With my arms raised in a vee, I gather the heavens and bring my hands down slow together, press palms and bow my head.
I try to forget the suffering, the wars, the ravage of land that threatens songbirds, butterflies, and pollinators.
The ghosts of their wings flutter past my closed eyes as I breathe the spirit of seasons, the stirrings in soil, trees moving with sap.
With my third eye, I conjure the red fox, its healthy tail, recount the good of this world, the farmer tending her tomatoes, the beans
dazzled green al dente in butter, salt and pepper, cows munching on grass. The orb of sun-gold from which all bounty flows. ~Twyla M. Hansen “Trying to Pray” fromRock. Tree. Bird
There is much to pray about. The list is endless and the need overwhelming.
Where even to begin?
It is for good reason we are advised by Paul to “pray without ceasing” (the word in Greek is adialeiptos or “uninterruptedly”) in 1 Thessalonians 5:17.
It is not only when we audibly and in form, address our petitions to the Deity that we pray. We pray without ceasing. Every secret wish is a prayer. Every house is a church; the corner of every street is a closet of devotion. ~Ralph Waldo Emerson in his sermon: Pray Without Ceasing
A farmer may have an addendum: every barn is a church, every moment kneeling and weeding the soil an act of devotion, every moment of care-taking God’s creation an act of sacramental obedience. Praying without ceasing in the course of one’s day.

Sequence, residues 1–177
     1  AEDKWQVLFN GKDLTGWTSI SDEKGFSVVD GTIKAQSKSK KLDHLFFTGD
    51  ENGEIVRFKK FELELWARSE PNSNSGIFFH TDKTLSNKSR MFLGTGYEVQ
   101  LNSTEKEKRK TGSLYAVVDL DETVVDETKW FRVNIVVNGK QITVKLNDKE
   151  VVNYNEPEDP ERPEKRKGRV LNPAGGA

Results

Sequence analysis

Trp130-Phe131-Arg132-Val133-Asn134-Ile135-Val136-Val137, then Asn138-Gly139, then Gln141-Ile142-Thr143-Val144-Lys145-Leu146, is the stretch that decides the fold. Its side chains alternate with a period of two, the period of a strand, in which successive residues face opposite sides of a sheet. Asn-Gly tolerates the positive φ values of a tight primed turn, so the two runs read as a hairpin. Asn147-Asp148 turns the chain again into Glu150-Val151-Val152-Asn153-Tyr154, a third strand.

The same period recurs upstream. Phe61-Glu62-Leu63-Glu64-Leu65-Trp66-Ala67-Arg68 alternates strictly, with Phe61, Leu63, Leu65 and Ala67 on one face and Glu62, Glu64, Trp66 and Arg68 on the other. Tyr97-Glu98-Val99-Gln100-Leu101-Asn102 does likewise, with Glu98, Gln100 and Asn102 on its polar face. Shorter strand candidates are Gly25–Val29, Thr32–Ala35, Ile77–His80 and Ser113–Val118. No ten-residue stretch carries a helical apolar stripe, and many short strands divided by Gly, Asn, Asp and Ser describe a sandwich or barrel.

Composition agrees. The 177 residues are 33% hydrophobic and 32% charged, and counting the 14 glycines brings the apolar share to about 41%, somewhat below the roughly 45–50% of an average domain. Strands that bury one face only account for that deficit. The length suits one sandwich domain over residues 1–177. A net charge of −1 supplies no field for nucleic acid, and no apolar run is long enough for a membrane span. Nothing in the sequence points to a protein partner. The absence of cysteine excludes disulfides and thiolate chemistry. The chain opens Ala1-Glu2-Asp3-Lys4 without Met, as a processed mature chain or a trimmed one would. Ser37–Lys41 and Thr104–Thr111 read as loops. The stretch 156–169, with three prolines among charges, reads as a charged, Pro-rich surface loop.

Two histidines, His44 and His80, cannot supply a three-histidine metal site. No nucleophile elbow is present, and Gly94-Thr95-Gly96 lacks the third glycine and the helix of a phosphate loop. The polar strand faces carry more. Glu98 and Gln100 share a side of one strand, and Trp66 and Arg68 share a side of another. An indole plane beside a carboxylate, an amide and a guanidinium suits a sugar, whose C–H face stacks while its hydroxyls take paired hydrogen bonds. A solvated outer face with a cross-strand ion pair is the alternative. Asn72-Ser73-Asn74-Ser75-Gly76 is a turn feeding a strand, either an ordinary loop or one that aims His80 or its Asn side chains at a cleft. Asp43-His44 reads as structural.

Yet even before we clasp our hands together, we are told to “Rejoice always.” -Rejoice before complaining. -Rejoice before requesting. -Rejoice before losing heart.
Let me be breathing in the spirit of the seasons, overwhelmed by joy, before I talk with God. He knows which tears are which.
Wait, for now. Distrust everything, if you have to. But trust the hours. Haven’t they carried you everywhere, up to now? Personal events will become interesting again. Hair will become interesting. Pain will become interesting. Buds that open out of season will become lovely again. Second-hand gloves will become lovely again, their memories are what give them the need for other hands. And the desolation of lovers is the same: that enormous emptiness carved out of such tiny beings as we are asks to be filled; the need for the new love is faithfulness to the old.